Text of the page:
Mayoral Candidate Deidre Malone 'Not Afraid' of Ford or Luttrell
With but days to go before Thursday’s filing deadline for countywide offices, there’ll be more high-powered announcements and candidate filings—some of them sure to be surprising. Meanwhile, the last week or so has been marked by some serious candidate action.
COUNTY MAYOR: Shelby County Commissioner Deidre Malone, who had already filed for the office of Shelby County mayor, presided over the opening of her campaign headquarters on Poplar Avenue on Saturday and made it clear that she was not daunted by either likely Democratic primary opponent Joe Ford, the current interim mayor, or Sheriff Mark Luttrell, who will run for mayor as a Republican.
“We take whoever decides they want to run…and we’re ready for them,” said Malone to supporters’ cheers. “I’m not afraid of much…I’m prepared to be the next mayor of Shelby County.” .
“Some people..are born into politics, they’re part of a family dynasty,” Malone said, clearly indicating Ford, while others have been “in one area of government all their professional lives,” a possible reference to Luttrell, while she herself had a “well rounded” dossier that included both government and business experience.
Ford is expected to file for mayor himself this week but was still being coy about his intentions last Thursday night when he appeared at a Citizen’s Safety Committee forum on crime at the Jewish Community Center.
“Wait and see what happens next week,” he said. “There won’t be long to wait.”
SHERIFF'S RACE: Randy Wade, 9th district congressman Steve Cohen’s district director, formally filed for the position of Sheriff on Friday. In the presence of a swarm of supporters and media at the Shelby County Election Commission, Wade and Cohen exchanged vows of mutual support and essentially pronounced themselves to be a team.
Asked about that very prospect, Wade said, “Steve Cohen is a man of integrity and a man of honesty…I know that I’m supporting a friend and a man who brings so much to this office, so, to answer your question Steve Cohen for Congress, and —“ (with Cohen joining in) “—Randy Wade for Sheriff.” As Cohen put it, “I couldn’t have had the successes I’ve had without Randy…Randy’s going to make Shelby County better, and it’s gong to be Team Memphis, where we’ll all work together.”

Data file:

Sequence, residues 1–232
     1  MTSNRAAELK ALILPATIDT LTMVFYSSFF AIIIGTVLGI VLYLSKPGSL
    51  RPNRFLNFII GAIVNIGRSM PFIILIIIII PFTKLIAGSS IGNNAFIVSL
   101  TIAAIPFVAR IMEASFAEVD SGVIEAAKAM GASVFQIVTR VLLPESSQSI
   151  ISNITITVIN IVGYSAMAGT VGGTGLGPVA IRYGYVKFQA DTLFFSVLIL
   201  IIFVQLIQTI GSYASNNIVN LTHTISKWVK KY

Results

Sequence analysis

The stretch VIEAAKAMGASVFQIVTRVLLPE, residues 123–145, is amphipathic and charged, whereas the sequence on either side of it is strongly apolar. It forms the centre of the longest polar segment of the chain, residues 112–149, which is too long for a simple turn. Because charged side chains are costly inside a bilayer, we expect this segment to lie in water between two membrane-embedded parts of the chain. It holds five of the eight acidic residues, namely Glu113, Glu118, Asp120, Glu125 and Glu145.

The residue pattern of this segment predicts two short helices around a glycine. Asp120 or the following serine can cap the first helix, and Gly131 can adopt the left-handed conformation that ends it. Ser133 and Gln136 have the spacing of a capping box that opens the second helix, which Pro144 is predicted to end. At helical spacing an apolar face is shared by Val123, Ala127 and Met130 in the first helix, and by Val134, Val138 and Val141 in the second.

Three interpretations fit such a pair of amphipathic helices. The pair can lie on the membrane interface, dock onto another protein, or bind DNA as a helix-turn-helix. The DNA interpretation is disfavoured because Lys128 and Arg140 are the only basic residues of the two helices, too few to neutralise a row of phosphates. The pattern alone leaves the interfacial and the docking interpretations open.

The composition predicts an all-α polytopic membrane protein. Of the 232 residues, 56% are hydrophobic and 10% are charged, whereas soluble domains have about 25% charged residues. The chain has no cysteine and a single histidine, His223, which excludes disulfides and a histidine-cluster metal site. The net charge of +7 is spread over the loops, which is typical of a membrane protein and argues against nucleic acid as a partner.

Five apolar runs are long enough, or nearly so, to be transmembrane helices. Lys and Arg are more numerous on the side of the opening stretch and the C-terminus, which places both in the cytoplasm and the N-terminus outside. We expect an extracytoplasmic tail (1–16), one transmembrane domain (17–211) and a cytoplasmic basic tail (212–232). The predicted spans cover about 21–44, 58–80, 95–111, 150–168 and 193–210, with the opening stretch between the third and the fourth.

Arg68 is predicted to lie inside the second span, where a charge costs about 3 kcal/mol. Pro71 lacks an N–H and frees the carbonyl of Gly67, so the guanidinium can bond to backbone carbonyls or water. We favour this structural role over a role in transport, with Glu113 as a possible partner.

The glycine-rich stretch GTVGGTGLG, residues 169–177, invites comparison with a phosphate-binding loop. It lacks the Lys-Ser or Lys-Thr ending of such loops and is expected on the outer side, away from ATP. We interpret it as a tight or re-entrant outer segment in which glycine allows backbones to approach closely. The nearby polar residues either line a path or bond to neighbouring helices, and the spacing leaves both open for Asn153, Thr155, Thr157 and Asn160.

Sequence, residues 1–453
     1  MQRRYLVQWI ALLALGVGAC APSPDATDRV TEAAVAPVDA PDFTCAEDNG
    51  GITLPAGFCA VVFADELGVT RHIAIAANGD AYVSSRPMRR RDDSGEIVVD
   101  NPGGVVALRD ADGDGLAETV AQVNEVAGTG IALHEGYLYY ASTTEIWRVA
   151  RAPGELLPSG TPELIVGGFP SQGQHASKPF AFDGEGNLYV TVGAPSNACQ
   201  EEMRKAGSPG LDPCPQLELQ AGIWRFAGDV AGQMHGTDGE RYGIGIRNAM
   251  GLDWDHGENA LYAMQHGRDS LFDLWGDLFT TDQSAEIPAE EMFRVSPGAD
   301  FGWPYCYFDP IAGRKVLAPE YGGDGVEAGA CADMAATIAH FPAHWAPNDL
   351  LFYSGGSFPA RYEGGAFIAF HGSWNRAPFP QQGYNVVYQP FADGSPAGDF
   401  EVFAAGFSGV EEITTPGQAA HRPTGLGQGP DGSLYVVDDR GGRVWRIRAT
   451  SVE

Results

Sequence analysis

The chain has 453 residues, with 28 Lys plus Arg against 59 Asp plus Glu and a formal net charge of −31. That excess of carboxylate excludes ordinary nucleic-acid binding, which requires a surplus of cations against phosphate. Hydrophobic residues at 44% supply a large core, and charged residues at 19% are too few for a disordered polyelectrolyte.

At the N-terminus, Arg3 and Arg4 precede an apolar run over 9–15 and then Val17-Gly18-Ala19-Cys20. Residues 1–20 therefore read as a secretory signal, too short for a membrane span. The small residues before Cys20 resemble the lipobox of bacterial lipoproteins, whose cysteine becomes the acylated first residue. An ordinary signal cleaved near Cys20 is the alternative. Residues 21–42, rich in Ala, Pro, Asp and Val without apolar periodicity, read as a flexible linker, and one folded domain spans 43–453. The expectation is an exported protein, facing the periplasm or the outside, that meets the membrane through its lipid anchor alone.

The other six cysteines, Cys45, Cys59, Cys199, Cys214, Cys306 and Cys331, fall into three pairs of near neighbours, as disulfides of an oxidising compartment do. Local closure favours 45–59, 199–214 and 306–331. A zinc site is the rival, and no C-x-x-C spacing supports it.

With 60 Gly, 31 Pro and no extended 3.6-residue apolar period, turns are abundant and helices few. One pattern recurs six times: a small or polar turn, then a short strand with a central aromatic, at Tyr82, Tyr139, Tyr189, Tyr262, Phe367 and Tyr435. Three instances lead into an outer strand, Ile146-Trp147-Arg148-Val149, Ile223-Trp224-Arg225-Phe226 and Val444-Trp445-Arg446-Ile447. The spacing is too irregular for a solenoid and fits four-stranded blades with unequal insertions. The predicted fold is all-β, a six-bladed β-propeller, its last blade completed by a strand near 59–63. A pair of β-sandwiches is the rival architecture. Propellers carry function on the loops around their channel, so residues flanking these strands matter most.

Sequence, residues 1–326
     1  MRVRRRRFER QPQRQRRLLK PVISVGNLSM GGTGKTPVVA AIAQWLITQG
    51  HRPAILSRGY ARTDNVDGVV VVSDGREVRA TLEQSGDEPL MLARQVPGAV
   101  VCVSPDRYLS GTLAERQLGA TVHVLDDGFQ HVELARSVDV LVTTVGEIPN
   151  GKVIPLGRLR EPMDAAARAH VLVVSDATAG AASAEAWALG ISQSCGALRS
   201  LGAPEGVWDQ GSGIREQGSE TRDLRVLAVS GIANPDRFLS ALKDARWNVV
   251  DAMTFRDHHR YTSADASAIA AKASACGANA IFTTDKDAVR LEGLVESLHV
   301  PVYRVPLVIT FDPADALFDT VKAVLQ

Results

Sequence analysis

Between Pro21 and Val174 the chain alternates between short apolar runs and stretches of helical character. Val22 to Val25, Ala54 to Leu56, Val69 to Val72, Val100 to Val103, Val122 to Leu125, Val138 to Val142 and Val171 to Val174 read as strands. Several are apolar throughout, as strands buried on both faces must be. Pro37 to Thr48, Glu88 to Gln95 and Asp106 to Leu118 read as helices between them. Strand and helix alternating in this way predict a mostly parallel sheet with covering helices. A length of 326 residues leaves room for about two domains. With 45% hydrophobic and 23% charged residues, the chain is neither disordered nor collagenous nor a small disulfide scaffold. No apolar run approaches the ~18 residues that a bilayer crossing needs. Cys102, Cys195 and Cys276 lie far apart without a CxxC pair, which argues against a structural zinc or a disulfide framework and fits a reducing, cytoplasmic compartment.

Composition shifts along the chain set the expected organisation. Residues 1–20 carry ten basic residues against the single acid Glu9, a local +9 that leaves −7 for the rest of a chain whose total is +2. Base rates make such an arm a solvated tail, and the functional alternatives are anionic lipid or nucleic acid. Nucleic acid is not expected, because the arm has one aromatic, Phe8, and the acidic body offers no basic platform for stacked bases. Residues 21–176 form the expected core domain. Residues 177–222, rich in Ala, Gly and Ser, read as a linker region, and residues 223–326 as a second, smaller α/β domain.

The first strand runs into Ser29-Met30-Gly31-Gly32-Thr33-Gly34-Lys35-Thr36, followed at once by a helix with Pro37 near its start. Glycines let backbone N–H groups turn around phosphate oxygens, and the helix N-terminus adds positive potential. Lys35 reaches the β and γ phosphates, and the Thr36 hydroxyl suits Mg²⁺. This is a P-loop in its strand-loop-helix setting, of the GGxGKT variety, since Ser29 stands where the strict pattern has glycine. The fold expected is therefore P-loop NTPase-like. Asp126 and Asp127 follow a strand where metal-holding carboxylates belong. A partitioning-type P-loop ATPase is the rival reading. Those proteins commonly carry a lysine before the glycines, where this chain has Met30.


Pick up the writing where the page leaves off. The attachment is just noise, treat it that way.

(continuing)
Would there be another such team, one composed of former Memphis mayor Willie Herenton, Cohen’s Democratic primary opponent, and Reginald French, a longtime Herenton aide who’ll be competing with Wade in the Democratic primary?
Wade said he’d seen no such evidence and professed some fellow feeling for French, who, like himself, had lost a previous Sheriff’s race. “He’s been knocked down, I’ve been knocked down, but I’m just like Muhammad Ali, I’m going to get up, and I’m going to win the belt this time.”
And there are candidates who, with fingers crossed, are still hoping not to have opponents at all. Or to avoid consequential opponents, in any case.
COUNTY COMMISSION: One such is Mike Carpenter, the first-term Shelby County Commissioner in Distract 1, Position 3 who has made a name for himself as a maven in several fields — school funding and several aspects of governmental reorganization prominent among them. He also has crossed swords with members of his own Republican Party. Early in his tenure, when he sided with the commission’s Democrats in voting to add a second Juvenile Court judge, it appeared inevitable — even to himself — that he’d have a contested primary in 2010.
But, as of the weekend, Carpenter still had no opponent, and the likely reasons for that were spoken to last Thursday night at a reception/fundraiser for Carpenter at the Crescent Club. Two of those who made remarks on Carpenter’s behalf that night were Luttrell and Memphis Mayor A C Wharton, whom Carpenter had served as co-chair of Wharton’s post-election transition team.
Wharton referred to his support for Carpenter as “a no-brainer,” calling the commissioner a “statesman” and describing Carpenter as “someone who is willing to look at each matter that comes before him with one simple question: ‘Is this the right thing to do or the wrong thing to do? Not the Republican thing to do, or the liberal thing to do, the conservative thing to do, the black thing to do, or the county thing to do, or the white thing to do, the city or urban, but is this the right thing to do? I wish we had thousands of Mike Carpenters in office.”
Like Carpenter, two other high-profile commissioners with penchants for the controversial are equally unopposed — Republican Mike Ritz in District 1, Position 1 and Democrat Steve Mulroy in District 5. Both have proved themselves willing to put themselves on the line — Ritz in any number of causes involving the county’s management of its fiscal house and Mulroy in taking the lead on such matters as that of non-discrimination in government.
Both are formidable in debate, though Ritz’s modus operandi runs to the dann-the-torpedoes variety, while Mulroy, equally staunch, is more willing to accept compromise at the margins of an issue.
Understandably, the well-financed Mulroy is keen for the depth of his endorsements — which include several from organized labor and such Democratic potentates as Wharton, interim mayor Ford, former congressman Harold Ford Sr., and city council chairman Harold Collins to be known.
One factor that may have diverted potential candidates in othe commission races is the fact of Commissioner George Flinn's decision to vacate his District 1, Positon 2 seat in order to run in the Republican primary for Congress in the 8th District. Indicating intentions to run in that race are Fliinn's longtime assistant Heidi Shafer and former Commissioner John Willingham.
To Be Continued